Fortify my Spine in your Help: Asking for your love for the Hospital Atlantida in La Ceiba, Honduras


Hey friends. I'm wondering if  you might keep the Hospital Atlantida in La Ceiba, Honduras in your thoughts tonight. I have worked and learned at their maternity ward on multiple occasions and am set to return for a two-week refresher rotation in December.

The doctors at Atlantida recently went on strike, shutting down all departments save the emergency room. As long as they are striking, hundreds of patients will be turned away each day.

The doctors have reason to fight for change-- supplies at Atlantida have run so low recently that patients have had to buy their syringes, sutures and gauze (they've always had to buy their own medications)-- but this shutdown will mean that many people with no other source of medical care will just go without.

The hospital is understaffed, outdated and without supplies, for sure. But I've seen the doctors of Atlantida stop the premature labor contractions of an eleven-year-old girl. I've seen the beautiful babies of (equally beautiful) mamas with HIV who will remain healthy because rapid testing allowed nurses to deter breastfeeding. I've seen the miraculous birth of baby after baby-- the world remade over again each time. Good work happens there.

I know that injustice like this is rife in the world, but Atlantida is its own place, and this strike means that the world is worse off than it was before. Bodies are the same everywhere. They need care. And when they don't get it, they suffer.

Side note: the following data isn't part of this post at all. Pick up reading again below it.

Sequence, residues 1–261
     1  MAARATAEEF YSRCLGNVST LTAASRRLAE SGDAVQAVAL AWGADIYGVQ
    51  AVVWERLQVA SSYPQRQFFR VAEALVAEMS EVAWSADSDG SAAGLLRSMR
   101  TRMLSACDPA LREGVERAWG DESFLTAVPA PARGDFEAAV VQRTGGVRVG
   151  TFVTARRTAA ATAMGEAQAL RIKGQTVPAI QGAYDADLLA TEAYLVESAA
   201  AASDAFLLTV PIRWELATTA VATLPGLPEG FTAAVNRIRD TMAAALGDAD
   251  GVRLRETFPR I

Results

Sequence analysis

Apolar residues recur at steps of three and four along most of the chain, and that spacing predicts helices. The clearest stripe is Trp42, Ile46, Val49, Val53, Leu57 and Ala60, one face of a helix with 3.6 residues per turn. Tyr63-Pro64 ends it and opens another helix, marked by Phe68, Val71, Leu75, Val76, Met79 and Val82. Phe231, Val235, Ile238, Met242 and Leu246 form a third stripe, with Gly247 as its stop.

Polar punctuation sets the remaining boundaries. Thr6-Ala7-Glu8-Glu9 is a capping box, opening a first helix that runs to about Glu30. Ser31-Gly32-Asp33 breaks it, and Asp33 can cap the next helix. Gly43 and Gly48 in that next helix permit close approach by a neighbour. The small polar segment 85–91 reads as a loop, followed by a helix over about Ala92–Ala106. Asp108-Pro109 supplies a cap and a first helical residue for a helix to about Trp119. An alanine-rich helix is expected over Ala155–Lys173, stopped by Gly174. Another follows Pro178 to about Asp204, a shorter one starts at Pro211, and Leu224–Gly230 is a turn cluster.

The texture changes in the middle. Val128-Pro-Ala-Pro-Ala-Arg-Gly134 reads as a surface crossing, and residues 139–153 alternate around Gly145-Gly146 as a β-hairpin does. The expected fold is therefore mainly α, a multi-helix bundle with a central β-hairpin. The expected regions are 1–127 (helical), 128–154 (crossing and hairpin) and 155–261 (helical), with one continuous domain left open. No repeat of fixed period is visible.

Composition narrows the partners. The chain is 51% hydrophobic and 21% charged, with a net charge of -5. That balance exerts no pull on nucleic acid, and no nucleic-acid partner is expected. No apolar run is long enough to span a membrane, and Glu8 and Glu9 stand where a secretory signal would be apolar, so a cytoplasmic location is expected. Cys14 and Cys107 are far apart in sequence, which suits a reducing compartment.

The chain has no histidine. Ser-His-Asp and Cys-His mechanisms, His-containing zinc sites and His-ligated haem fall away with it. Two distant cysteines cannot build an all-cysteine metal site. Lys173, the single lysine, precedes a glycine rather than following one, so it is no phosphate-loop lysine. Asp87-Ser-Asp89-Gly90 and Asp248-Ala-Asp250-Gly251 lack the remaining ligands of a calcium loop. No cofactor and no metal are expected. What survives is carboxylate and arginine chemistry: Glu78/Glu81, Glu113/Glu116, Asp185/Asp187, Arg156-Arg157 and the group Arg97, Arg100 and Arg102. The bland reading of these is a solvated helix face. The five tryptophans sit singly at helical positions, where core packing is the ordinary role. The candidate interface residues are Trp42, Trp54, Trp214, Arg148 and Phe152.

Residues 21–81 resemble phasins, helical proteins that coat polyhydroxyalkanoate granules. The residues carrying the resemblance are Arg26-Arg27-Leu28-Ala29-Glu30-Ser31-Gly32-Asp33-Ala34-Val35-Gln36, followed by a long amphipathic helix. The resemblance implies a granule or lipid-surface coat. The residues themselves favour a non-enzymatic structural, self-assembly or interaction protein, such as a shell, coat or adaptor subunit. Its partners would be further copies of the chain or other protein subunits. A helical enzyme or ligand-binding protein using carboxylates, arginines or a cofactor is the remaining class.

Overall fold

I just pray (a rare word for me) that something shifts and the hospital reopens so that doctors and nurses can do their lifesaving work.

I'm thinking tonight of the Virgin of Suyapa, the little mother icon who has appeared in unexpected places to faithful Hondurans when they have needed her most.

May there be somewhere a store of material goodness--hope and faith in the form of needles and gauze-- that might lift this sacred place, and all others imperiled by want, out of the material crises that threatens survival, and end the crises of justice that create these heart-crushing conditions of scarcity.

From El Oracion de Suyapa

Cuando me venza el cansancio,
o me atenace la angustia,
cuando la muerte, a su paso,
haga despertar mis dudas,
Virgencita de Suyapa
ven a mi espalda en ayuda,
sostenme con tu mirada,
y mis lágrimas enjuga.

When exhaustion overcomes me
or terror apprehends me
when death, passing close by,
awakens my doubts,
Virgin of Suyapa,
draw close to my back in your Help
sustain me in your gaze
and wipe away my tears.
(my translation)

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